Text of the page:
Convincing 21118

Now that 2018 believes you, it's time to become famous. Accept every offer of academic conferences talks, co-authored history books and talk show appearances. Write your memoirs - if you can't write, make a deal with a publisher to hire you a secretary. If your English is too archaic for the mass market, work closely with a ghost writer. Money is no object - a book written by a genuine authenticated time traveller will sell millions.

Have yourself 3D scanned, and get accurate statues made in granite and stainless steel. Spread copies all over the world - in public museums and protected vaults. Have big chunks of your DNA inscribed on vellum, and your fingerprints etched into titanium and launched into geostationary orbit.

When it's time to leave, launch your time machine as a publicised event in front of a huge live audience. Have it recorded in every fashion - HD video, analogue film, monitoring by every scientific instrument available. Remove all doubt.

Most importantly, every single time, state the date and place of your arrival in the future, as precisely as your time machine can manage. The aim is to get yourself mentioned so many times that unless civilisation collapses completely, some record of you reaches 21118 independently of yourself. Ideally, they are waiting to meet you.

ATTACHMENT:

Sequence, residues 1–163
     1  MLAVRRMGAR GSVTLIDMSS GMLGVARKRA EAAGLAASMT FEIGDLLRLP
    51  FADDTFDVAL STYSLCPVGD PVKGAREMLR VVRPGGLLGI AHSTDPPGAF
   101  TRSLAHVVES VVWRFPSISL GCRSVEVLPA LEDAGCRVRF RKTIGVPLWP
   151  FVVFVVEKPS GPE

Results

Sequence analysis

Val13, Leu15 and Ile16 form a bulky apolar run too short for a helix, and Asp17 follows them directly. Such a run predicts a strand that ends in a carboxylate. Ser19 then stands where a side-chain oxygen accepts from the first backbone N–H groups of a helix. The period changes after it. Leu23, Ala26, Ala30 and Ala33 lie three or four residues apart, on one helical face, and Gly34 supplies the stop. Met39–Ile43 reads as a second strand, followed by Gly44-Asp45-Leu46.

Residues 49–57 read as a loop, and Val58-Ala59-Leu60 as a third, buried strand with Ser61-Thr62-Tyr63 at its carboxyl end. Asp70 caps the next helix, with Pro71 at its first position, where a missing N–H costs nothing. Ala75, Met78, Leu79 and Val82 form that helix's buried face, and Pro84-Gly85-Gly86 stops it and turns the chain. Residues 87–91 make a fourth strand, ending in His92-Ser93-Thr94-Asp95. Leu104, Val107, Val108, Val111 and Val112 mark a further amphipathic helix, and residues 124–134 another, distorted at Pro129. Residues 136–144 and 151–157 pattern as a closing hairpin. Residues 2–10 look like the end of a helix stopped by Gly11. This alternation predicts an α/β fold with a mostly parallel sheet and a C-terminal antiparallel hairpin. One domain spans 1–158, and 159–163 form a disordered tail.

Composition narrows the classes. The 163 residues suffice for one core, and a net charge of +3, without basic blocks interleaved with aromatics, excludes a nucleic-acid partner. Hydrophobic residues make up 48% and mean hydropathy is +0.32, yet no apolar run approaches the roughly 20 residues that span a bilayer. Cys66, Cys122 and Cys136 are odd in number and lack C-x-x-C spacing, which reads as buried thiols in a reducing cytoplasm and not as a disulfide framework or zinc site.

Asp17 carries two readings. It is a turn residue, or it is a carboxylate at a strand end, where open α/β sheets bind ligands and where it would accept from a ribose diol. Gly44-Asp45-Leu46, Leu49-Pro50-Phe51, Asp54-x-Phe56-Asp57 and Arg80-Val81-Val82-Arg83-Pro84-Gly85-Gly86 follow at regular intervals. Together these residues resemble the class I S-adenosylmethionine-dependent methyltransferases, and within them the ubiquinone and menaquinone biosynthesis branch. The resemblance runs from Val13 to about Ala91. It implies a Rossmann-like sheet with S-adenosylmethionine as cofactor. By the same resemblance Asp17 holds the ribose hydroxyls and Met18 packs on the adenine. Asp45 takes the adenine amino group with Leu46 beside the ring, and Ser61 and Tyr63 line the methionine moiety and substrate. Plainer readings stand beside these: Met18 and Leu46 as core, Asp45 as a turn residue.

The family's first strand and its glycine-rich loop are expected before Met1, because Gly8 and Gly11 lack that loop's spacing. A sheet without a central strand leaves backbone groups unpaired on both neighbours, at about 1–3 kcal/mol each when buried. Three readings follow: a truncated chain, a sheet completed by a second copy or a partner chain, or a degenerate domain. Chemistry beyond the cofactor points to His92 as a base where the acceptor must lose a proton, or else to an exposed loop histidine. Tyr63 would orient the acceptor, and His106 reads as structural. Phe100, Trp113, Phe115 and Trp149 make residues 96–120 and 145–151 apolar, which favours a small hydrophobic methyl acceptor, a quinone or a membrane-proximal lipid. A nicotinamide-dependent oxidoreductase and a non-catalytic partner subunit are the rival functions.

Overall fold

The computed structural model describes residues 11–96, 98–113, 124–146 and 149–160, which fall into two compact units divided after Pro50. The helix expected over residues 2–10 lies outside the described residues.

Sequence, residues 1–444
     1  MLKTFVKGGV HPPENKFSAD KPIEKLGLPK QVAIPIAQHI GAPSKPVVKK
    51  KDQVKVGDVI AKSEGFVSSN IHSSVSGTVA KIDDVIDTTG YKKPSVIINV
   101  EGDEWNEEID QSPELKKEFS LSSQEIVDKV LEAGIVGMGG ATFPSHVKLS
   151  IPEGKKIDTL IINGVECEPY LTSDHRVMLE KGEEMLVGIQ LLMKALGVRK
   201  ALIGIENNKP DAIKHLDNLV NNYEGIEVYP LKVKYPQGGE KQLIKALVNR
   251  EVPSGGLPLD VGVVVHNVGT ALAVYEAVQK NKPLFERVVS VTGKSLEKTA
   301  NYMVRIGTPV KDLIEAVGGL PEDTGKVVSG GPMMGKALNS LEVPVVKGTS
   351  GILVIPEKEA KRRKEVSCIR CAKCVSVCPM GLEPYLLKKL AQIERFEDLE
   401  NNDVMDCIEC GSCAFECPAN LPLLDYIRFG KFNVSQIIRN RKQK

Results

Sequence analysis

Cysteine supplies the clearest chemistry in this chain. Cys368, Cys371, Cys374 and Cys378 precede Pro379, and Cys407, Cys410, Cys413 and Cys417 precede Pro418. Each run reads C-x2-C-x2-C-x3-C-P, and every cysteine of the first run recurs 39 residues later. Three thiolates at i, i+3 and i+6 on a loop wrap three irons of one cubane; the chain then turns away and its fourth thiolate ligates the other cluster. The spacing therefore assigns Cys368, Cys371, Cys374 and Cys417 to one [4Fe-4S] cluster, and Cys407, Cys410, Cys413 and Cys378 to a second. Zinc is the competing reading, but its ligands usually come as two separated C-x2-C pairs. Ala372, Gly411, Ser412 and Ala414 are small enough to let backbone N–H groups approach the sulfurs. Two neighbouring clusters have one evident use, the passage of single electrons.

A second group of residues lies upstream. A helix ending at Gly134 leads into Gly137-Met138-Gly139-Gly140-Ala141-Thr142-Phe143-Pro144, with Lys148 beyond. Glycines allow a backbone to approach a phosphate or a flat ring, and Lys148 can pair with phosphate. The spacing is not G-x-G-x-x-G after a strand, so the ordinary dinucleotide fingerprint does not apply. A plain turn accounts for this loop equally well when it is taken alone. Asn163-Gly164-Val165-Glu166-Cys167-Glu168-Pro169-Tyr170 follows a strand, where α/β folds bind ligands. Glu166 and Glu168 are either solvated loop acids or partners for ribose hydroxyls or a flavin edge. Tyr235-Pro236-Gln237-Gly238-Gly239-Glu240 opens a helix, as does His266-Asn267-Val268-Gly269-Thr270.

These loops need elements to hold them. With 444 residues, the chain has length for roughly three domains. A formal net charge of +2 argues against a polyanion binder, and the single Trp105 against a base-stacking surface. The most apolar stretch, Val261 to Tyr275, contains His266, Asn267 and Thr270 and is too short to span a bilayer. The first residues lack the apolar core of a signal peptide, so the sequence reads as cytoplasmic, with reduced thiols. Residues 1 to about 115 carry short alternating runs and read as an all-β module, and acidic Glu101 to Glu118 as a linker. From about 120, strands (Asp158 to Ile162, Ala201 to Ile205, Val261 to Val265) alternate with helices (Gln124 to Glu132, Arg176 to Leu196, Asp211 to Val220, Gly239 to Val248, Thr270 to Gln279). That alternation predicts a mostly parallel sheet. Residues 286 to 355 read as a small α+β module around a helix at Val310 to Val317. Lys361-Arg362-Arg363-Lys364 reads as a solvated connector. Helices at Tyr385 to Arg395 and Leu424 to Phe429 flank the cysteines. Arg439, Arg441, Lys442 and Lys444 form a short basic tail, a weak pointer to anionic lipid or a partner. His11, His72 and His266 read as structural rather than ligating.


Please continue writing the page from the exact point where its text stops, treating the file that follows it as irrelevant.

This works even if people in the future don't believe the old accounts. People will turn up at the time and place as an excuse for a party, expecting to have a great laugh at the expense of primitive 2018 people who actually believed in time travel! The very fact of materialising in front of their eyes and cameras will be all the proof you need.*

If They Are Not Waiting...

...you will need additional evidence. Back in 2018, you need to have written a long message, and encrypted it. The encryption key must be very long, to prevent brute-force searches (remember, they have ~20000 years to crack it, with much better algorithms and hardware than we have today). The text must be even longer (otherwise a fraudster could choose a fake decryption key to create any plausible message).